Acta Medica Okayama volume74 issue5
2020-10 発行

Clinical Relevance of Serum Prolactin Levels to Inflammatory Reaction in Male Patients

Yamamoto, Koichiro Department of General Medicine, Okayama University Graduate School of Medicine, Dentistry and Pharmaceutical Sciences
Hanayama, Yoshihisa Department of General Medicine, Okayama University Graduate School of Medicine, Dentistry and Pharmaceutical Sciences publons
Hasegawa, Kou Department of General Medicine, Okayama University Graduate School of Medicine, Dentistry and Pharmaceutical Sciences
Tokumasu, Kazuki Department of General Medicine, Okayama University Graduate School of Medicine, Dentistry and Pharmaceutical Sciences ORCID publons researchmap
Miyoshi, Tomoko Department of General Medicine, Okayama University Graduate School of Medicine, Dentistry and Pharmaceutical Sciences Kaken ID publons researchmap
Hagiya, Hideharu Department of General Medicine, Okayama University Graduate School of Medicine, Dentistry and Pharmaceutical Sciences ORCID Kaken ID researchmap
Ogawa, Hiroko Department of General Medicine, Okayama University Graduate School of Medicine, Dentistry and Pharmaceutical Sciences Kaken ID publons
Obika, Mikako Department of General Medicine, Okayama University Graduate School of Medicine, Dentistry and Pharmaceutical Sciences ORCID Kaken ID publons researchmap
Itoshima, Koichi Department of Laboratory Medicine, Okayama University Hospital
Otsuka, Fumio Department of General Medicine, Okayama University Graduate School of Medicine, Dentistry and Pharmaceutical Sciences ORCID Kaken ID publons researchmap
Publication Date
2020-10
Abstract
To clarify the relevance of prolactin (PRL) to clinical parameters in patients who visited our general medicine department, medical records of 353 patients in whom serum PRL levels were measured during the period from 2016 to 2018 were retrospectively reviewed. Data for 140 patients (M/F: 42/98) were analyzed after excluding patients lacking detailed records and patients taking dopaminergic agents. Median serum PRL levels were significantly lower in males than females: 6.5 ng/ml (IQR: 4.2-10.3) versus 8.1 ng/ml (5.9-12.9), respectively. Pain and general fatigue were the major symptoms at the first visit, and past histories of hypertension and dyslipidemia were frequent. Male patients with relatively high PRL levels (≥ 10 ng/ml) had significantly lower levels of serum albumin and significantly higher levels of serum LDH than those with low PRL (< 10 ng/ml). There were significant correlations of male PRL level with the erythrocyte sedimentation rate (R=0.62), serum LDH level (R=0.39) and serum albumin level (R=−0.52), while the level of serum CRP (R=0.33) showed an insignificant but weak positive correlation with PRL level. Collectively, these results show that PRL levels had gender-specific relevance to various clinical factors, with PRL levels in males being significantly related to inflammatory status.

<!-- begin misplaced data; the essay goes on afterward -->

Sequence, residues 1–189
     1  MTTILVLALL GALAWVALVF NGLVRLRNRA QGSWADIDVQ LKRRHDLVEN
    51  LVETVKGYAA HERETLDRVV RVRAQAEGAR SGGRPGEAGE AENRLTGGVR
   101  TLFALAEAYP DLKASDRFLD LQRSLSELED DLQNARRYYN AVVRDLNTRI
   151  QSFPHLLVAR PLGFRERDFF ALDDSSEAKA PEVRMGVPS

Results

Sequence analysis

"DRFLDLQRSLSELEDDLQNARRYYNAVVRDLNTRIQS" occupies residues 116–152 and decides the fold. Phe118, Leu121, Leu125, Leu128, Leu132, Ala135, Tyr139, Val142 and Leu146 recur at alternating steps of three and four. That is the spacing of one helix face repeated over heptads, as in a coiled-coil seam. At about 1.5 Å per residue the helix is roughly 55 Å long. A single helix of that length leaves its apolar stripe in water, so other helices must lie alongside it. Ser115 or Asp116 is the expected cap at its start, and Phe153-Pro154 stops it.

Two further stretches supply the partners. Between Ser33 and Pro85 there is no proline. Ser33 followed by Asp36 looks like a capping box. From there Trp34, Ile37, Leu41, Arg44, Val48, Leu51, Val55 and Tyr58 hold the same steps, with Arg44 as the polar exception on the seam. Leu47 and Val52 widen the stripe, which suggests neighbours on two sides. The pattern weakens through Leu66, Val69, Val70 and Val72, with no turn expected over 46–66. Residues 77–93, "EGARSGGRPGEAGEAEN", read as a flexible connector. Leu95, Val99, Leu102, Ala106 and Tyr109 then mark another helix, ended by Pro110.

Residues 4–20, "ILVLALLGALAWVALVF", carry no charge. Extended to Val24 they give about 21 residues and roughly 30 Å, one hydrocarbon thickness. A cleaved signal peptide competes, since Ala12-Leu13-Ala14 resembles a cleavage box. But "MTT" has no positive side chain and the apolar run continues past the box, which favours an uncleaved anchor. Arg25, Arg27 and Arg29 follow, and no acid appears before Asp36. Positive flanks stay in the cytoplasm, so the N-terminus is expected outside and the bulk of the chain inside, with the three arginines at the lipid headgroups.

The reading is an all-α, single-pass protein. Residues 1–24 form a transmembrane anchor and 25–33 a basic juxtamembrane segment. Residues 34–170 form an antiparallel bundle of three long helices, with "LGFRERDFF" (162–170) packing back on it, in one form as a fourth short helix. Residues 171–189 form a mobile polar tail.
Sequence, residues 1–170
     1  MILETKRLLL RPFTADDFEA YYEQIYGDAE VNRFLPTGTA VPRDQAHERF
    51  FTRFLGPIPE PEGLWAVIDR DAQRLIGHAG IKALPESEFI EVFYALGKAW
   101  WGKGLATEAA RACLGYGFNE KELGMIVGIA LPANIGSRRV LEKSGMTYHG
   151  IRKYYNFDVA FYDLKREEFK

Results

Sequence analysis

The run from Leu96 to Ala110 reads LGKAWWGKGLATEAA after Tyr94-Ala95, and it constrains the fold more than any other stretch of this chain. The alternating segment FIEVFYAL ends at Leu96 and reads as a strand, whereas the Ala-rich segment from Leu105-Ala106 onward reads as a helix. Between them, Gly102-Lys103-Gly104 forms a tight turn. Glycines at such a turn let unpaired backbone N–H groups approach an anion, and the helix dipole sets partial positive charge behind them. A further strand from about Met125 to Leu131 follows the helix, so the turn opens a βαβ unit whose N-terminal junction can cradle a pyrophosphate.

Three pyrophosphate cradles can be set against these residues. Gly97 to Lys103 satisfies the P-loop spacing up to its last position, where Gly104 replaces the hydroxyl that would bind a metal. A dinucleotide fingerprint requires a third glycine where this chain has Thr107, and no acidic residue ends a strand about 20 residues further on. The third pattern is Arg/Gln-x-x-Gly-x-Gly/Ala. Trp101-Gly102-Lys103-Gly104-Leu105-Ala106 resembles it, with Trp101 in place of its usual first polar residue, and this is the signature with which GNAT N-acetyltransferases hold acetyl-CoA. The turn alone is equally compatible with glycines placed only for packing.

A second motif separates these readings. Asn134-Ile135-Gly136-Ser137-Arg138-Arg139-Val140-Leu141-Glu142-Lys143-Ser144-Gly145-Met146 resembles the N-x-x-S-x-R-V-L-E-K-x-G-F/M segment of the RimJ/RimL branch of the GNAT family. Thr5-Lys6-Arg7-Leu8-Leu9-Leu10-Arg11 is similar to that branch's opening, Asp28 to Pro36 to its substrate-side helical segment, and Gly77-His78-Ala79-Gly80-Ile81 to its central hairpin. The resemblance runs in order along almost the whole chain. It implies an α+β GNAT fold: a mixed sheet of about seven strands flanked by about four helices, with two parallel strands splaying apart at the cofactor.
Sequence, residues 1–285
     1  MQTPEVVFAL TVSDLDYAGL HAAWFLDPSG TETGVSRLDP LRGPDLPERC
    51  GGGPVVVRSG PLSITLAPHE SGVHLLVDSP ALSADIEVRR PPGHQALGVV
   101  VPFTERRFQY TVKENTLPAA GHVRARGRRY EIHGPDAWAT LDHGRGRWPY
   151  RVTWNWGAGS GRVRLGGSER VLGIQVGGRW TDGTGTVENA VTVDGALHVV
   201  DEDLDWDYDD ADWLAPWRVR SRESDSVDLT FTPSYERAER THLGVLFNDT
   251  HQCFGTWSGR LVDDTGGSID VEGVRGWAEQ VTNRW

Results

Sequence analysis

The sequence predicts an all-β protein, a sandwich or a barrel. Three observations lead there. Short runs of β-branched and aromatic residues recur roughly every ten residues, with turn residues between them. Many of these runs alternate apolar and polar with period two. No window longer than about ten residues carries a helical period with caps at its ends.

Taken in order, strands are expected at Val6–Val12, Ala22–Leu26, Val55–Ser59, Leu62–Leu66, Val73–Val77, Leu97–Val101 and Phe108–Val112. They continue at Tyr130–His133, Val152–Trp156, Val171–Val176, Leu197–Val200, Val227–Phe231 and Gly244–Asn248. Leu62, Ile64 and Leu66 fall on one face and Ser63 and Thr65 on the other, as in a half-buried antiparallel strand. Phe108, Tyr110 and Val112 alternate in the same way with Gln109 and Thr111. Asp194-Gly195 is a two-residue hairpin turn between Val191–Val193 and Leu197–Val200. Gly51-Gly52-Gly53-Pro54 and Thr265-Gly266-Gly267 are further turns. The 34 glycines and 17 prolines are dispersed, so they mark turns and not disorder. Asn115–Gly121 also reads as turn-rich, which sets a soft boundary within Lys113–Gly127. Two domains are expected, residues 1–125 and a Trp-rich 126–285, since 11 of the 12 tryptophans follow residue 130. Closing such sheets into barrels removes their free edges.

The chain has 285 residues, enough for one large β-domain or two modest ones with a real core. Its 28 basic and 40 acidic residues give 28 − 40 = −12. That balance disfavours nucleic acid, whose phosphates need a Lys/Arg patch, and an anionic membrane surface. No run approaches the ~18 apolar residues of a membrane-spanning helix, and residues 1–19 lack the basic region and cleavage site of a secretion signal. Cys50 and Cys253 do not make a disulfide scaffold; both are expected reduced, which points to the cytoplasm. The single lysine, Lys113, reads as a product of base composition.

Document Type
Original Article
Keywords
hormones
hyperprolactinemia
inflammation
pituitary
prolactin
Link to PubMed
74_5_381.pdf 4.78 MB